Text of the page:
Red starts with much promise but fails to deliver. Set in Eastern Tibet where Chieftains rule with a fair amount of cruelty. It is a feudal society. The Maichi clan is ruled by a powerful chieftain with two sons; the eldest who is to inherit the power and land of his father and the“idiot” son. It is the second son who narrates the novel. He is constantly called idiot because of his facial features but he achieves greater success than his older brother. The novel is interesting but at over 400 pages not worth the time it takes to read it.
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It would have been better named Sugar and Slavery because that is the main thrust of the book. Interesting that I found this book so shortly after reading Isabelle Allende’s latest novel The Island Under the Sea, which covers much of the same ground but in fiction. Abbott explores the horror that colonizing Latin America brought to the native peoples. And how the demands of the sugar economy had ripped apart African communities and forced slaves across the Atlantic to work sugar cane plantations.
“Sugar slavery’s most insidious creation was the racialism that justified enslaving Africans and forcing them into the cane fields. Slavery was not born of racism; rather, racism was the consequence of slavery.” In the Caribbean after slaves successfully rebelled they were denied work and quality life when the plantation owners brought in indentured labourers. Indentured labour is merely another kink of slavery but with a promise of freedom when the people had paid off their exorbitant bills to the plantation owners. “Through indentureship, the British West Indian sugar industry smashed any hope that emancipation would transform the social and economic structure of the sugar colonies.” The sugar business led to the colonization of Hawaii. It changed the island forever when it brought in indentured labour from China.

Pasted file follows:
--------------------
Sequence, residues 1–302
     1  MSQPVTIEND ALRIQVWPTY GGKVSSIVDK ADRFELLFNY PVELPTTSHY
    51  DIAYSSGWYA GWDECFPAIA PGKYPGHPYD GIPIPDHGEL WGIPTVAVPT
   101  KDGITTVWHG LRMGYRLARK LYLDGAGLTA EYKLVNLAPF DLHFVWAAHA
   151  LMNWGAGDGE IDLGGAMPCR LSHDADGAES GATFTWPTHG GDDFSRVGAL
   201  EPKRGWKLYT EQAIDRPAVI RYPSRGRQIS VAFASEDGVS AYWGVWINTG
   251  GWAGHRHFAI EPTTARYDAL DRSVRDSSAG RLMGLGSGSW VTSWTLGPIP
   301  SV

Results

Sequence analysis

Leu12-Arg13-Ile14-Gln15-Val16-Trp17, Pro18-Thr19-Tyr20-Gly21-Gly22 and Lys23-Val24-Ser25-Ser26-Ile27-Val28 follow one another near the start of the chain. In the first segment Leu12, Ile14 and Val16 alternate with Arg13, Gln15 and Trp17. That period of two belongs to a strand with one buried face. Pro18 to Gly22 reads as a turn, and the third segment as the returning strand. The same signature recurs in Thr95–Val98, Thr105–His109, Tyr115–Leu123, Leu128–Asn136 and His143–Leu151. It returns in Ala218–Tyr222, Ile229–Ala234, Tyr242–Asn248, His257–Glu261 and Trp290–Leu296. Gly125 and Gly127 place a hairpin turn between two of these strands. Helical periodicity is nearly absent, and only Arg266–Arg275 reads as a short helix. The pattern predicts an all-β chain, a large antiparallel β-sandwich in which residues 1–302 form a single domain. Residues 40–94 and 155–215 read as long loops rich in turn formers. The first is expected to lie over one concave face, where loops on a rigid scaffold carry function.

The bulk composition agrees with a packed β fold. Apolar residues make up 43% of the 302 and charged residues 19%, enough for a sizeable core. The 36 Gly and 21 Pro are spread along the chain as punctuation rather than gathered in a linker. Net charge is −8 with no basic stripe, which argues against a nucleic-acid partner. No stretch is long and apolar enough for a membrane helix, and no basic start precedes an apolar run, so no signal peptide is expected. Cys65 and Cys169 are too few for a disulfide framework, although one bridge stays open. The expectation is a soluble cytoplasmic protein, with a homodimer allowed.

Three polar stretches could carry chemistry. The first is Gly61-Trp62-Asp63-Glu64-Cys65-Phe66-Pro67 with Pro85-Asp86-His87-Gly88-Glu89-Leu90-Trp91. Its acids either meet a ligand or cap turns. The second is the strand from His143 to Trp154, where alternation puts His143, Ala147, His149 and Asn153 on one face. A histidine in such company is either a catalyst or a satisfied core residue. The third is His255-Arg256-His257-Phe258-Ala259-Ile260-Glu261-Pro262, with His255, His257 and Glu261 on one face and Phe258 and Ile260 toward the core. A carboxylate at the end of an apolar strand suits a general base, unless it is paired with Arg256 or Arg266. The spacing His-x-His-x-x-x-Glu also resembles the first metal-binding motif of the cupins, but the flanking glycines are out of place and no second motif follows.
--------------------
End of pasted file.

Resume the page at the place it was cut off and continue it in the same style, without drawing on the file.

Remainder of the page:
An interesting read but repetitive so it needs skimming.
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Posted by Brian Bassingthwaighte in Cultural, Family, Historical Fiction, Mystical, Political, Romance, war, tags: fiction, mental illness, physical abuse, sexual abuse, slavery, torture, war
Island is a rich historical novel of racism and slavery. The first part takes place in what will become Haiti on Sainte-Domingue. Tete is bought by a French sugar plantation owner who rapes her when she is 11. She has two children fathered by her owner. The second one she is allowed to keep. Allende’s strong descriptions of the brutality that slaves lived with all their lives are chilling. The sugar trade in the Antilles was often called “blood sugar.” When the slaves rebel Tete saves her owners life and is promised her freedom and her daughter’s freedom. They flee to New Orleans where the story drags somewhat.
Allende is one of my favorite authors. But this is not one of best works. Still it is a good read.
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